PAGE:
After last years’ ridiculous breakout performance, expectations for Russian stud Evgeny Kuznetzov are at an all-time high. Through over a quarter of the year, the star has produced well below forecasted, and the struggles have only seemed to snowball.
The skill and puck precision Kuzy showed the hockey world last year was mind-blowing, taking the league by storm with a sparkling 20 goals and 57 assists, nearly a point per game average.
Dangles and passes that seemed impossible were a regularity for the highly skilled forward, and it helped to create an insanely dominant Capitals offense. He was on the highlight reel seemingly every other game, but this year it’s quite the opposite.Last night, for instance, Kuzy essentially gave up the second goal by himself.
He made an irresponsible play at the blue line, turning the puck over to a speedy David Pastrnak, and getting out hustled after the mistake. What resulted was the second goal for the Bruins, completely changing the direction of the game, giving Boston all the momentum. Now, as a team, the Capitals didn’t play very well and haven’t been up to par over the past few, but a standout disappointment so far has certainly been Kuznetsov.
For a player of his caliber, the lowly 3 goals and 9 assists has got to be incredibly discouraging, as well as frustrating. In games, those issues are becoming apparent, and it should have Caps fans wondering, what gives?
Is he injured? There have been no reports of Kuzy sustaining any kind of injury, or to be nursing anything existing back to health. Unless he is hiding something from the rest of the world, an injury does not seem to be the culprit.
A World Cup of Hockey hangover? Time’s up. It’s been over 25 games now, which is more than enough time for a player like Kuznetsov to adjust. This isn’t the result of a bigger chunk of ice to play on, or a style of play. It’s bigger, and more worrisome.
Homesick? Please, Kuznetsov has made D.C his home and started a family here. Not a valid excuse any longer.
Overrated? Hardly, and what he did last year was no fluke. It is highly unlikely that the skill and numbers Kuznetsov produced last year were a joke. Although a simple decline in production can be understandable, however falling off the face of the earth is not. The flame is still there, it is just very dim and weak at the moment.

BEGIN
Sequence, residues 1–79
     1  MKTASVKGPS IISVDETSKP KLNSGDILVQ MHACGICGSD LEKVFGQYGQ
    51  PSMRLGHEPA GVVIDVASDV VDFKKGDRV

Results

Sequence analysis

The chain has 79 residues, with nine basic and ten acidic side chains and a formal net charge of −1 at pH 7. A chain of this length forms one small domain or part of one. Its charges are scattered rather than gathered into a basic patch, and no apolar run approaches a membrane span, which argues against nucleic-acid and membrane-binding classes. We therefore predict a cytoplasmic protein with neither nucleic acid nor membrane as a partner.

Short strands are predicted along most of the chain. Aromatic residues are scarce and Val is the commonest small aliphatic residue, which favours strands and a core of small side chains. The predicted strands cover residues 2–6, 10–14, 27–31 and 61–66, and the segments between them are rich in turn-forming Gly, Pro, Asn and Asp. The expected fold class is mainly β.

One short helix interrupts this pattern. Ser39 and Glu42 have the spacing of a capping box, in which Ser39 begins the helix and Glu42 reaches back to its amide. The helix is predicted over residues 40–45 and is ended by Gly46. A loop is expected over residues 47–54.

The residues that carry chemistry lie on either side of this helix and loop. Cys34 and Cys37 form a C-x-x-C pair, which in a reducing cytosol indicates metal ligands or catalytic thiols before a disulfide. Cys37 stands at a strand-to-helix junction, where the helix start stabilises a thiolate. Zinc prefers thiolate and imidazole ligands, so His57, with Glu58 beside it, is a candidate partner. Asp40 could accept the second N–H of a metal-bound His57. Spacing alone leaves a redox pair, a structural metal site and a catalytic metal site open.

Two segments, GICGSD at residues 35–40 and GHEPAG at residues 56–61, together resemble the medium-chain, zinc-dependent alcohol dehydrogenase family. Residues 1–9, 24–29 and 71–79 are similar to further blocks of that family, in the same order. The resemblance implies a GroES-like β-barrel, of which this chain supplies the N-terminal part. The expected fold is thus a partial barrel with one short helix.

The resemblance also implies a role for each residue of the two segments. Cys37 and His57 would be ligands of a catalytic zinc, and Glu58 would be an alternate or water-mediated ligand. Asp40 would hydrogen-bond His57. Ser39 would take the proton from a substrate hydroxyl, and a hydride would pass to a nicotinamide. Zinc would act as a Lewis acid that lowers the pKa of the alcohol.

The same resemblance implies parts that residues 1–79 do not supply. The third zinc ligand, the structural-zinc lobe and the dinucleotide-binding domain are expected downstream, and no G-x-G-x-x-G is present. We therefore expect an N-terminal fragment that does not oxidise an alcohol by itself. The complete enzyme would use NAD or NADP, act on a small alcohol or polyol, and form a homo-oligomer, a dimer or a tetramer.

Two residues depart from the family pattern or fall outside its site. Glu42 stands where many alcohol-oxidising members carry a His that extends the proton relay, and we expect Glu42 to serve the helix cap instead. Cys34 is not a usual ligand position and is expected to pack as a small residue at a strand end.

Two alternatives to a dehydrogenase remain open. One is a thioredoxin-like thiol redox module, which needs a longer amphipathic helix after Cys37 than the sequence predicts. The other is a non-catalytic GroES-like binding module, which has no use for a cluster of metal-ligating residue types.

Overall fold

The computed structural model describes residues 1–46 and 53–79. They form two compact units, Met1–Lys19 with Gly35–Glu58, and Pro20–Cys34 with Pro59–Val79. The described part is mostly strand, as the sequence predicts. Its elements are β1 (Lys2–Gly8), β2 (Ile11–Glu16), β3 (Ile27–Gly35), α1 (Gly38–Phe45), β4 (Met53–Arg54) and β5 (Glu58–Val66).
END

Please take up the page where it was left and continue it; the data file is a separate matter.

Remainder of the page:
THE STRUGGLE IS REAL
Stats don’t lie either, but they are exactly what they are, numbers. When you actually watch Kuzy closely during games, all of the signs of a struggling player are there. It’s almost sad to see how frustrated 92 gets at times. He’s taking whacks at opposing players during plays, and it showed last night in a scuffle in front of the Caps net. Last year, Kuzy was much more calm and composed, but with his struggles and what surely is dissatisfaction, he simply seems PO’d. It is well-known that sometimes, playing angry can pay off, but for guys that have a different type of game, like Jay Beagle or somebody of his nature. Kuzy’s game should be of poise, exactitude and grace, but right now it certainly is not.
Although his skating abilities are second nature and will never take much of a hit, the string that is attached from his stick to the puck has seemed to come unraveled. Last year it seemed that a magnetic field would keep the puck in his possession, and he could release the puck in a pinch with devastating accuracy. Whether it be a “sick” saucer pass to a linemate, or a deceiving shot that beat the best goalies in the league, the puck always seemed to be in 92’s command. This year it seems that after the first couple touches, the puck seems to get away from him, almost as if the magnetic field has been reversed.
Kuzy also seems to be way too hesitant with the puck and in a league of this speed, that will kill an offenses ability to create scoring opportunities. Defenders, and oppositions as a whole are way too aware, and incredibly skilled in breaking up plays. Even a millisecond of indecision can result in a broken possession, or worse, a turnover. This could be a lack of confidence, and second guessing himself. For instance, making a questionable pass instead of taking a shot in an open shooting lane. Most likely, the snowball effect has taken course and instilled a sense of insecurity in Kuznetsov’s game. When that happens, sometimes players feel the need to make a “big” play, when in reality the best thing they can do is start to simplify. Right now, it’s doing more damage than it is good for the Capitals. More often than any Caps fan would like to see, his passes are resulting in opposing possession, including the dangerous cross ice neutral zone play. If Kuznetsov wants to redeem his season and regain his steam, he must start to simplify and let his natural skill pave the way.
There is hope however, because Evgeny Kuznetsov has an absolutely incredible eye for the play, and elite “hockey sense.” An example would be the floater he sent towards the net for the first goal against the Bruins. That kind of velocity, angle, and “sauce” can only be achieved by players that have certain and rare skill. Caps fans should not give up on 92 yet, because again, the flame is still there…it just needs fuel. Simply cutting back on complicating the game could influence Kuzy’s game to return back to the form all enjoyed watching last year. It could be as easy as one solid, two or three-point night that sparks the confidence and artistry that is so deadly to teams around the NHL. Since nobody can pinpoint a specific issue with the production this year, Evgeny will have to dig deep to break himself out of the slump he is in.
What are your thoughts on Kuznetsov’s struggles?
By Brennan Reidy